That isn’t even the most peculiar event of the 1904 Olympics. The marathon proved to be truly bizarre. Only fourteen of the thirty-two competitors would finish the race. The atmosphere was scorchingly hot and dry the day of the marathon. The course was muddy, and consisted of eight large hills. Organizers chose to have the race in the afternoon with temperatures above ninety degrees fahrenheit. There was no water until the eleventh mile because organizer James Sullivan was interested in what would happen when athletes were purposely dehydrated.
There should be a memorial to the bravest, and maybe most insane Olympians, the runners of the 1904 Olympic Marathon.
The first person to nearly die in an Olympic event was Oakland native, William Garcia. Alas, he did not share the fate of the water polo players. As he ran the marathon, he inhaled an incredible amount of dust, which caused his esophagus to dry out and his stomach to hemorrhage. He dropped out, giving fourth place to Albert Corey. Garcia spent several days in critical condition at a nearby hospital.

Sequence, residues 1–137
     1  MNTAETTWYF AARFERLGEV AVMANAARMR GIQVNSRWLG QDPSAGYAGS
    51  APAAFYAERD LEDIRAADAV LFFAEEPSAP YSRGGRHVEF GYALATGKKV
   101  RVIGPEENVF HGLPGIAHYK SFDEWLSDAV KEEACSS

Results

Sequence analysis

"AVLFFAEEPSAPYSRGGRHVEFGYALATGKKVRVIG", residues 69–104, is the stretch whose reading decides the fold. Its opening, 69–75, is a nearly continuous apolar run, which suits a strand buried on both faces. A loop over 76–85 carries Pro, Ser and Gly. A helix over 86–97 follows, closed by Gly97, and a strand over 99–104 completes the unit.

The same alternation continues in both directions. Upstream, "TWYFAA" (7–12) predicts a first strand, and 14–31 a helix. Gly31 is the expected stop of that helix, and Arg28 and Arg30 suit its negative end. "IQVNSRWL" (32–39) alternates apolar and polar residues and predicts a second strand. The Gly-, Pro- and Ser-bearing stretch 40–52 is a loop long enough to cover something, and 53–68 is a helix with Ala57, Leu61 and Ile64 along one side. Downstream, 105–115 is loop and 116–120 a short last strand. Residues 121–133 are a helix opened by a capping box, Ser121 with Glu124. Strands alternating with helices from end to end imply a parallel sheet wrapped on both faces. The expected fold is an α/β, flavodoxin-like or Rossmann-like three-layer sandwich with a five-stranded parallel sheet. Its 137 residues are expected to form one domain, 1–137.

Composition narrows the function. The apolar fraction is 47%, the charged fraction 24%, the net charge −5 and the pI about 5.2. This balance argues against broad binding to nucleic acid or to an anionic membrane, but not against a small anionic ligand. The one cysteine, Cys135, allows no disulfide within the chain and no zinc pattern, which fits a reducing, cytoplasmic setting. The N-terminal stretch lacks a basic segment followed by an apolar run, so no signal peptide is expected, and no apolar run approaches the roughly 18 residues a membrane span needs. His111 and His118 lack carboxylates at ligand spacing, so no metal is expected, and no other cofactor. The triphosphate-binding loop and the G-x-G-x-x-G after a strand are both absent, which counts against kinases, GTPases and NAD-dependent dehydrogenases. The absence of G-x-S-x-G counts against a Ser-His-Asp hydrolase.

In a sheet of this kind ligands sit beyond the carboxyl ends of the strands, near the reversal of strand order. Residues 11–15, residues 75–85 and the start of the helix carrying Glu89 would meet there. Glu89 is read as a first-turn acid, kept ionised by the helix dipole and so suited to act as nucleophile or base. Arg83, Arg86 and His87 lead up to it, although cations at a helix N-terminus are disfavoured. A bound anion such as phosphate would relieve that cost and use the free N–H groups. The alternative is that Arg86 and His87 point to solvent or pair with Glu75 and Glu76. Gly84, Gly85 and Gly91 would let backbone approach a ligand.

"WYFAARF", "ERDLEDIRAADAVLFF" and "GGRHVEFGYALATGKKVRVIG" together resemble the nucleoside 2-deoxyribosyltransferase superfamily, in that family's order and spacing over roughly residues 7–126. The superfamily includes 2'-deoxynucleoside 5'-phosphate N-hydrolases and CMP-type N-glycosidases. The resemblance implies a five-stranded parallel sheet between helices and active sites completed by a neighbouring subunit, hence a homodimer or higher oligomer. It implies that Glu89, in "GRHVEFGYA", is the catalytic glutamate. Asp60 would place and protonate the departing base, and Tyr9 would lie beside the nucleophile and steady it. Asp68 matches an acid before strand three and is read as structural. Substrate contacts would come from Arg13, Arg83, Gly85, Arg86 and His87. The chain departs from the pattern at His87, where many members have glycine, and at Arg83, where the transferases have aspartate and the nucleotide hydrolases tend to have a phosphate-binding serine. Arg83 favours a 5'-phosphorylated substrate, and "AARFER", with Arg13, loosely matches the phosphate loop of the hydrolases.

The first person to cross the finish line was Frederick Lorz. Lorz actually dropped out after the ninth mile due to cramps and dehydration. Lorz was riding to the finish in an automobile, but when his car broke down at the nineteenth mile, he decided to continue running. He passed Thomas Hicks, who, at this point, was struggling to stay alive. After three hours and fourteen minutes from the start of the race, Lorz crossed the finish. Lorz pretended to have won, for which he was banned by the AAU for life. Lorz was almost presented with a wreath from Alice Roosevelt before officials realized his bluff. Lorz was later unbanned from the AAU and proceeded to win the Boston Marathon the next year in 1905. Lorz died of pneumonia just nine years later.